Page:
The Tokugawa Shogunate, a group of military governors who ruled Japan until the late 1800s, stayed in power for more than two centuries. Their fall was one of the most important events in Asian history.
Also known as the Meiji Restoration, the shogun's ouster began as a reaction against the elite's willingness to "collaborate" with the West. The samurai took the shogun's position as a sign of weakness.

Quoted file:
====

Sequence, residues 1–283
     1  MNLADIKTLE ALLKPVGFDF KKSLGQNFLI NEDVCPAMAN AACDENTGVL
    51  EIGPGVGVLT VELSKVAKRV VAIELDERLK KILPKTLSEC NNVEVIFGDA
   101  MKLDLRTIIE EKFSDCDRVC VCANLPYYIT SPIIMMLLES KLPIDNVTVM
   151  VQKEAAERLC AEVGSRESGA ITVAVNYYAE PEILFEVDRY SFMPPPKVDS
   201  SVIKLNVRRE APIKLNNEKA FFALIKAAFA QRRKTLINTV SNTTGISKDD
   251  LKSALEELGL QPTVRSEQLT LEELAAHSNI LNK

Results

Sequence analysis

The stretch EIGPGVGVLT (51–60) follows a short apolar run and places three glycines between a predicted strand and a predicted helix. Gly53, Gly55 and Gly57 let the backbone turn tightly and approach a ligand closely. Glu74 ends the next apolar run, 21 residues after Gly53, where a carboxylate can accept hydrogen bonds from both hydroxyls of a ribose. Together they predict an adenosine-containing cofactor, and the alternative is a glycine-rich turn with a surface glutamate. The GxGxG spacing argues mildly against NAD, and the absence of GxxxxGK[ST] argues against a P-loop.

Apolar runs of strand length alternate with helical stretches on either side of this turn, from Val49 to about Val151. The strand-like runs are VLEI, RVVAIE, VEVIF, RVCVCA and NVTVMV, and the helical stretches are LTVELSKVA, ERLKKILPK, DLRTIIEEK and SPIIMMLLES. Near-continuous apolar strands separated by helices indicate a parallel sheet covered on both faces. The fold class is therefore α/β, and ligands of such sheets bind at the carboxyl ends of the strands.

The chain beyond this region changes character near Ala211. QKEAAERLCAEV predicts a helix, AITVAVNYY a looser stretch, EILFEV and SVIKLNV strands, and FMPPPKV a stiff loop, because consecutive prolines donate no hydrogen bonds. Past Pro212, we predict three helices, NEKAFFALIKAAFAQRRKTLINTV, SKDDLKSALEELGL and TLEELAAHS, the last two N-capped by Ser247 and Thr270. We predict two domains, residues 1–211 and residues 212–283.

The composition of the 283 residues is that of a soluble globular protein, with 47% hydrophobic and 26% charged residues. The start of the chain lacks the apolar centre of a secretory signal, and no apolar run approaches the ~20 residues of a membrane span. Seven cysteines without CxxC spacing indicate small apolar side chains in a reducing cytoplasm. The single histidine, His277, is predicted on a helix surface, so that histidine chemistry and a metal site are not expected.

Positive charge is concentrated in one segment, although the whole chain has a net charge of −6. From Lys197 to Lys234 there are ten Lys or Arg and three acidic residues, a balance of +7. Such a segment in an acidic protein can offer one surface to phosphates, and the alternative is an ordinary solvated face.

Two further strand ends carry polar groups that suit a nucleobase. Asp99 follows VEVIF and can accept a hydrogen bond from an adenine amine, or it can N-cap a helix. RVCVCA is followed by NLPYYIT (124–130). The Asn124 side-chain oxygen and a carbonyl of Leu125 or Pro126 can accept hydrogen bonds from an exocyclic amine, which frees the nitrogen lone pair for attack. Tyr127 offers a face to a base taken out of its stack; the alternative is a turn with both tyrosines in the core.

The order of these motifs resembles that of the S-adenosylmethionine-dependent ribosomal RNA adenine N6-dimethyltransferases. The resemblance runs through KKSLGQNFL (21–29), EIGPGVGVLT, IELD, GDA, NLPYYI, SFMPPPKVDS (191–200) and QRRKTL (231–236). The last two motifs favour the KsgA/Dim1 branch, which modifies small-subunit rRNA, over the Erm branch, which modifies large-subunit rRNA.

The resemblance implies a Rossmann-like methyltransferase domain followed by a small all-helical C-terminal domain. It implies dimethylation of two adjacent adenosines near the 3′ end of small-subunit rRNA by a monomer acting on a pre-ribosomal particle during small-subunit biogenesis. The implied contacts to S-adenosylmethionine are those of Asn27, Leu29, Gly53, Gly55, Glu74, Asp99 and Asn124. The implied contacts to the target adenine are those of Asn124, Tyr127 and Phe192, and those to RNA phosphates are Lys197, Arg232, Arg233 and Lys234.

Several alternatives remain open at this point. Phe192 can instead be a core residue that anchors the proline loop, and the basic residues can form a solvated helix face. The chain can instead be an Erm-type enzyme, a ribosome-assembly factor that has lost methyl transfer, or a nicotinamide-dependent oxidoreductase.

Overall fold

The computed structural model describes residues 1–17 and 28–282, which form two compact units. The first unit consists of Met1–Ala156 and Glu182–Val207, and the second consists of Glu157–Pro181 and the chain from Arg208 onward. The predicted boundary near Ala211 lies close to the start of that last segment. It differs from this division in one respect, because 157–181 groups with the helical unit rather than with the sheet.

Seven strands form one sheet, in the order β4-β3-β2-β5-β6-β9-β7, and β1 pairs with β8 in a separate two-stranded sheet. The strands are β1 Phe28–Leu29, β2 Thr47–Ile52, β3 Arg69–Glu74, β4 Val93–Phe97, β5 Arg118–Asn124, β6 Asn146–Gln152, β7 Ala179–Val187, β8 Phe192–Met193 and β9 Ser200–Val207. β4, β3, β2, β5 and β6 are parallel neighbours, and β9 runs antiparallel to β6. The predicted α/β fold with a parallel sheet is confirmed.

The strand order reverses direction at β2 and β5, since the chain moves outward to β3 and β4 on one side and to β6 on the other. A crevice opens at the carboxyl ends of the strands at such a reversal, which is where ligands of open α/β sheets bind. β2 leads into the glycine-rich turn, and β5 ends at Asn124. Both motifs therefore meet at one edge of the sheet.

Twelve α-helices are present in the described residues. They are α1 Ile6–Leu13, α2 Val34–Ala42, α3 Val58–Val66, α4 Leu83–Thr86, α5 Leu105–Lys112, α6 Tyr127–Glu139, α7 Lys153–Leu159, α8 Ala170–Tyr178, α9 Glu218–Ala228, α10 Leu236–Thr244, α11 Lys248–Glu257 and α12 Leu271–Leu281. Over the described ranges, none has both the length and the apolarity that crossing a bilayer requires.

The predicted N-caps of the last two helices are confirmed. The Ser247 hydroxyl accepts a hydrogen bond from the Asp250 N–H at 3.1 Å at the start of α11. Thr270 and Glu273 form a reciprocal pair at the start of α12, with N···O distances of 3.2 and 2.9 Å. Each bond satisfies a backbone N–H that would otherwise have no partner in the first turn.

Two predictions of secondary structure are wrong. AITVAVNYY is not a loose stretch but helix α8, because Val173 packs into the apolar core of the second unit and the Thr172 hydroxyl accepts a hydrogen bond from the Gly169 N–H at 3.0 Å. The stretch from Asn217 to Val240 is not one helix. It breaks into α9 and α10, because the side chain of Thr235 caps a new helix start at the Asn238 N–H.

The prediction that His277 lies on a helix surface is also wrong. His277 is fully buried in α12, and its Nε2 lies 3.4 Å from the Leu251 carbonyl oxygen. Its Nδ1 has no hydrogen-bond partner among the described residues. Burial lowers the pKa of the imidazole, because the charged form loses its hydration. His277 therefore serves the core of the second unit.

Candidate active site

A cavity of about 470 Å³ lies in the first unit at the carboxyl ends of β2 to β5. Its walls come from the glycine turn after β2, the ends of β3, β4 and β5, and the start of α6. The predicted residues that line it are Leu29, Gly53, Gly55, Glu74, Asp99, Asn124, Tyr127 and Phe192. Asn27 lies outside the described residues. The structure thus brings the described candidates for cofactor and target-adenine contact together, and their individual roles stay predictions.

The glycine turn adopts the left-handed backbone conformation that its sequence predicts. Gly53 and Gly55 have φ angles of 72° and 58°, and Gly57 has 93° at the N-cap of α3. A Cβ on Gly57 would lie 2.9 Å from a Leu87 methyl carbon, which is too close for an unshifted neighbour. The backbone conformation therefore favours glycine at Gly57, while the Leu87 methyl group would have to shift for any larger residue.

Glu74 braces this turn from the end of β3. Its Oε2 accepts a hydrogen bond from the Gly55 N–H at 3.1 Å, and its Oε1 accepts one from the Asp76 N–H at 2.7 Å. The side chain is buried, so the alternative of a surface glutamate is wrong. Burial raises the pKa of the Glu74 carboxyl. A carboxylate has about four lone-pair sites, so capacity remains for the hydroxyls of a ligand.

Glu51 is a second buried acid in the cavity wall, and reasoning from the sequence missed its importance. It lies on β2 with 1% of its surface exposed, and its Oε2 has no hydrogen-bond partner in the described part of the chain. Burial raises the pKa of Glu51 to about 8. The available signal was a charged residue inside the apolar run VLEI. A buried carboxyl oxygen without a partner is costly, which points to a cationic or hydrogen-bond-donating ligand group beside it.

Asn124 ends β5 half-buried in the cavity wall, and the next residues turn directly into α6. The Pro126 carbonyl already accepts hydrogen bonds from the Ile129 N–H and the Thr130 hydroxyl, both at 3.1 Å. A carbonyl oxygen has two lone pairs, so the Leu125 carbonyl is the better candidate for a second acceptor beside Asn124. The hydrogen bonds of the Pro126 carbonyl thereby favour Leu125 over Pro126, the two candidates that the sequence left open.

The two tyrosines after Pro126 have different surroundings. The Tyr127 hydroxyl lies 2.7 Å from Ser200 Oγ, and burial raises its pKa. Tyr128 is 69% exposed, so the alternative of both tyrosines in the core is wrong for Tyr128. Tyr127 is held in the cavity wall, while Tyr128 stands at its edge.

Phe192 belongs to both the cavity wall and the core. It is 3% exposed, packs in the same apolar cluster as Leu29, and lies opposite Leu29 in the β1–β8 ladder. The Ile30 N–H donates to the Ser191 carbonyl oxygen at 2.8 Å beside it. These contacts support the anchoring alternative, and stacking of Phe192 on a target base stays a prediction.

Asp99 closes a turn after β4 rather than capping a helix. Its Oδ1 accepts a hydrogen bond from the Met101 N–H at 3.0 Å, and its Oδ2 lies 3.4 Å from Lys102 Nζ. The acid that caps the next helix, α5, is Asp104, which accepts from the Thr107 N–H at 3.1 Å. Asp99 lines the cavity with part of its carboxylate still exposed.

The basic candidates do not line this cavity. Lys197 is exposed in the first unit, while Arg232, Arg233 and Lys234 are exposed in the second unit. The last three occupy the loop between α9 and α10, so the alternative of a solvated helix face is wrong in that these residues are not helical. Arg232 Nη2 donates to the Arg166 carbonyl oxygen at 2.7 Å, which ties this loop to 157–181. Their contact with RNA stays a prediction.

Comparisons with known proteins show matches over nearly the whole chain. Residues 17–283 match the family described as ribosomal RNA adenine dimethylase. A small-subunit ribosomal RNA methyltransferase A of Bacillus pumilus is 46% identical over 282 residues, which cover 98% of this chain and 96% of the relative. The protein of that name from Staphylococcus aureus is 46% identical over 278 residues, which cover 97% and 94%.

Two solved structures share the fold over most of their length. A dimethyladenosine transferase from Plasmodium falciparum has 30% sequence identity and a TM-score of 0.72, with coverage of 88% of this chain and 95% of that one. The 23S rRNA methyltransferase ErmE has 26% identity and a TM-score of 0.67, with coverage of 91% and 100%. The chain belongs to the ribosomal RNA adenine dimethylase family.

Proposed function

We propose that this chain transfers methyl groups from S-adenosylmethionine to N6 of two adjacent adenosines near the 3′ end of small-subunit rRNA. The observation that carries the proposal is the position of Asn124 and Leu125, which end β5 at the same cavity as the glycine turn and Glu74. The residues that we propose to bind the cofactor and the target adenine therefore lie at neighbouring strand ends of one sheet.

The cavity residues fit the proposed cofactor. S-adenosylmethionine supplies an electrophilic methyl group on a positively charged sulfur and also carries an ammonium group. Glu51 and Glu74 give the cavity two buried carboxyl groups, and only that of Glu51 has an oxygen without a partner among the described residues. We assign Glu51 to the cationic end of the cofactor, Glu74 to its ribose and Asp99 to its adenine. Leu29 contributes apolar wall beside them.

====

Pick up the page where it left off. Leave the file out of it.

The samurai plotted to overthrow the shogun. Murder, assassination, and intimidation soon followed. By the end of 1862, hordes of renegade samurai had transformed the streets of Japan's capital into a sea of blood.